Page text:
Violence used to hold onto power at any price: Penal and economic sanctions for those who did not follow the law on compulsory participation in agricultural labor for the entire rural population (regardless of profession, they had to participate after January 1982 decree). Farmers brought to trial who had stolen corn, wheat, and potatoes since their meager rations provided little. Women thrown into prison because they had abortions.
Share with students the fate of the Ceausescu regime in December, 1989 (note that the following summary is taken from the Module's Introductory Essay; feel free to refer to it for more details).
The Romanian revolution began in Timişoara, located in western part of the country, close to the Yugoslav and Hungarian borders. Although postwar Romania is ethnically quite homogeneous, most of its minorities live in the area where the Romanian revolution began. In 1989, Hungarians were the second largest group in Timişoara after Romanians, followed by Germans and Serbs. The city’s residents could follow the freer Yugoslav and Hungarian broadcast media and they were more easily swept up in the mounting wave of revolutions across all of Eastern Europe. As countries all over Eastern Europe confronted uprisings in 1989, the power of information and example cannot be discounted in the story of the Romanian revolution.
Background to the extended vigil in Timisoara. One of Romania’s few dissidents, Lászlo Tőkés, a pastor in the Hungarian Reformed (Calvinist) Church, used his Timişoara pulpit to condemn the regime’s “systematization” campaign designed to level thousands of villages, put the land into cultivation, and move villagers into new agro-industrial complexes. For his outspokenness Tőkés was to be evicted from his church in December 1989, but Hungarian parishioners surrounded the church to prevent his removal. Soon joined by ethnic Romanians (of traditionally Orthodox faith), the picketers grew in number and broadened their focus to the hated dictatorial regime. The extended vigil, which began on December 15, engendered a sense of popular power and solidarity, unprecedented in communist Romania. Hungarians and Romanians together sang the 19th century nationalist anthem “Awaken, thee Romanian!” meaning, in this context, citizens of Romania. Given the xenophobia of communist officials, they had failed to imagine the possibility of inter-ethnic solidarity. The song was heard often during the following weeks.
Soon all of Timişoara was on strike, while protesters tried to outwit tanks and armored vehicles. A frequent slogan during these street scenes was “Without Violence!” Between December 16 and 19 over sixty people were killed in Timişoara, and more than 700 were arrested, but the insurgents stood their ground. Some corpses were transported to Bucharest to suppress evidence of the crime. This in turn fed rumors of wildly exaggerated numbers of dead. Another chant, “Azi în Timişoara, mîine-n toată ţara!” (Today in Timişoara, tomorrow in the whole country)” was prophetic.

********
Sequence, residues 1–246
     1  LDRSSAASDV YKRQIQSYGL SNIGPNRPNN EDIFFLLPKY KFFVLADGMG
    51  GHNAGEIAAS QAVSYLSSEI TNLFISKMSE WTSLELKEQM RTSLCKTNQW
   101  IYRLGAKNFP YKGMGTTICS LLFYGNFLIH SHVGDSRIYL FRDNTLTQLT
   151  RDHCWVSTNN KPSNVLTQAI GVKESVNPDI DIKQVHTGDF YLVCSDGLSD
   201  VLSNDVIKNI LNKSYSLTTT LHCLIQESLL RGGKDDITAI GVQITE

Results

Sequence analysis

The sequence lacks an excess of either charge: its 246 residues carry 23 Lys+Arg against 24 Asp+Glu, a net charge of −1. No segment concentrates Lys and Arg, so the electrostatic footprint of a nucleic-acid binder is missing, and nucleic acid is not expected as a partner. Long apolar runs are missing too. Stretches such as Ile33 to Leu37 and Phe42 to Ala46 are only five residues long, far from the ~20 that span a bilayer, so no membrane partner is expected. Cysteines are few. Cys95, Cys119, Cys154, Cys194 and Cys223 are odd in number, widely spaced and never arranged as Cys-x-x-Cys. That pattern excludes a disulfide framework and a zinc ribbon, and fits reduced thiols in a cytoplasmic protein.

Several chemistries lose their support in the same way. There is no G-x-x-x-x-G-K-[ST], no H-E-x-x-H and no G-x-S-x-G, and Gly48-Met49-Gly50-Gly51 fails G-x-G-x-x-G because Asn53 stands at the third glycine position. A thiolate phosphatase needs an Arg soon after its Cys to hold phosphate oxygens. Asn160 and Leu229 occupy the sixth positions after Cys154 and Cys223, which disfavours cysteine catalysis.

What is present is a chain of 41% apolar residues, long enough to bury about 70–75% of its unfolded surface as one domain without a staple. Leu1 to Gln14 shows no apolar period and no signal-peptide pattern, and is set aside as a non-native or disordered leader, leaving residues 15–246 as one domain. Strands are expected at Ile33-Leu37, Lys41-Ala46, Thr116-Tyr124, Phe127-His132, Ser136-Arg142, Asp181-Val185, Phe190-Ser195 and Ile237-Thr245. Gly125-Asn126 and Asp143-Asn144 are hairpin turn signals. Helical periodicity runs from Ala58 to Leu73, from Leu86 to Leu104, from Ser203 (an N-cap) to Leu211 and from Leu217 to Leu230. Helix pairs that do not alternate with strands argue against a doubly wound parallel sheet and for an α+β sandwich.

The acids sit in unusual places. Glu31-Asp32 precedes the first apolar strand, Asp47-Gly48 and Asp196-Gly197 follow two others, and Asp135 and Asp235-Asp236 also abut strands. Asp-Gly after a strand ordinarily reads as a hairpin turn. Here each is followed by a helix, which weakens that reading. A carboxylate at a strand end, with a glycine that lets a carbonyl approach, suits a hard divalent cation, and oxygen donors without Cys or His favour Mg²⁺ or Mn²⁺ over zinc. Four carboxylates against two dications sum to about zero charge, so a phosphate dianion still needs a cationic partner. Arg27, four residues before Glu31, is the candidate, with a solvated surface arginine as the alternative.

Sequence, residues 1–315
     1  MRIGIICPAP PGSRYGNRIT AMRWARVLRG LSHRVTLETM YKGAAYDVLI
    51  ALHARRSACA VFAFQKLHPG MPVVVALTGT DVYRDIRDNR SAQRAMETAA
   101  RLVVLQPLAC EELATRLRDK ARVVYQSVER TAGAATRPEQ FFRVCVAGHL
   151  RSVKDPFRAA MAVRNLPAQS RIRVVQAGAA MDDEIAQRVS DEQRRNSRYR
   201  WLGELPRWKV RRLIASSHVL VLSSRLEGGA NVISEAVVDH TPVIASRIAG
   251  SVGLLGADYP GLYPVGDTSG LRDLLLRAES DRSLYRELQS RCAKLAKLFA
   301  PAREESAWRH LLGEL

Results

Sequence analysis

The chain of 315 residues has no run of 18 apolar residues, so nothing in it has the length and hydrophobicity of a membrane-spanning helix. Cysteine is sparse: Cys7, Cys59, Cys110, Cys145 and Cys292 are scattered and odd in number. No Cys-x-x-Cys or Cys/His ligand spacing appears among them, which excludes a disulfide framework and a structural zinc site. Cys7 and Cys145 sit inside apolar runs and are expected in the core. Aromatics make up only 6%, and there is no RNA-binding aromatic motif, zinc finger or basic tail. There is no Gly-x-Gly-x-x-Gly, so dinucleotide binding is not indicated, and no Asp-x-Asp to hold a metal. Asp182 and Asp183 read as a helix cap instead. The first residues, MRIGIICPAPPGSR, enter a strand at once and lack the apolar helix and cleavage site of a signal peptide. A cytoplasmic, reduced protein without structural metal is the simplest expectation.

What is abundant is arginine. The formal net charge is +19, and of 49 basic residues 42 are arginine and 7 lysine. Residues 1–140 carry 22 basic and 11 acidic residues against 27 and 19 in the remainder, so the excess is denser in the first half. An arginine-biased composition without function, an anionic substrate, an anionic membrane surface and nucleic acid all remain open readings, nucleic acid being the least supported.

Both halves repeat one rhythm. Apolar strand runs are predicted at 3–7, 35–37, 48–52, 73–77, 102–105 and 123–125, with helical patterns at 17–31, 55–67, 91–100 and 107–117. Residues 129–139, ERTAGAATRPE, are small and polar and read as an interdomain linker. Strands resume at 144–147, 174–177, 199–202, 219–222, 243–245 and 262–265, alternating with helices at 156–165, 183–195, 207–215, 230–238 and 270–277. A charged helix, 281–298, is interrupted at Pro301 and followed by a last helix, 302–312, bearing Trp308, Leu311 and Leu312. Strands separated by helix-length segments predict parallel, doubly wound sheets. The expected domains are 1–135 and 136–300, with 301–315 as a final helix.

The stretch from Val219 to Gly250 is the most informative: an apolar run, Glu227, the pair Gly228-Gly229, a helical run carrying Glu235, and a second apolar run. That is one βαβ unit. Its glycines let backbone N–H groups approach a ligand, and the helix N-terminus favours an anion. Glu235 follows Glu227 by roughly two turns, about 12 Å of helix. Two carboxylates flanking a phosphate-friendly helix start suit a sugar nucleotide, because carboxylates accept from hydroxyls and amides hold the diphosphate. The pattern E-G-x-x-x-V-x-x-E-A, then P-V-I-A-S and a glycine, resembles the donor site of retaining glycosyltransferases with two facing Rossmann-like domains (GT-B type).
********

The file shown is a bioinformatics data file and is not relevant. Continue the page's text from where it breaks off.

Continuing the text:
Ceauşescu portrayed the disturbance in Western Romania as the work of foreign agents, but he also attempted to minimize the crisis by flying to Iran on a state visit. On his return, in televised speeches on December 20 and 21, he called for national unity in defending Romania’s sovereignty against foreign foes. By then, however, the popular anti-government mobilization had spread beyond Timişoara. In Bucharest, the authorities organized a noontime rally on December 21. Thousands of people were bussed to the Communist Party Central Committee (CPCC) plaza to show their support and thus legitimize the harsh repression in Timişoara. The event was choreographed by the Securitate (secret police) and the capital’s communist organizations. On descending into the square, presumably docile demonstrators received banners and portraits with familiar propaganda slogans and the Ceauşescus’ portraits. The rally was broadcast on national television, but when Ceauşescu addressed the crowd from the CPCC balcony, unscripted moments followed. An unprecedented commotion, heckling, and hissing began. Radio and TV feeds were cut as cameras panned to the sky, but not before images of the distressed Ceauşescu and his wife trying to shush down the crowd were captured on camera. The dictator appeared shaken, unable to comprehend that the masses he expected to behave the part of adoring citizens had their own minds. Although order was temporarily restored and Ceauşescu announced raises and subsidies for workers, mothers, and pensioners, the partly televised incident had made Romanians realize the fragility of the dictatorship. The very same day spontaneous demonstrations broke out in other parts of Bucharest. Among their slogans were: “Freedom,” “Timişoara,” and “We Want Free Elections.”
It is as if, in that moment, everyday Romanians saw the possibility, saw the reality of the weakness of Ceausescu’s regime. Those moments of Ceausescu’s weakness and the power of popular pressure explain why, a mere 48 hours later, Ceausescu was attempting to flee Romania, all power lost. The Ceausescu’s were tried a few days later and executed as enemies of the new Romanian state.
Ask students to write 10 graffiti slogans of their own, drawing on their knowledge about the historical conditions in Romania and the revolution that quickly took hold in December 1989.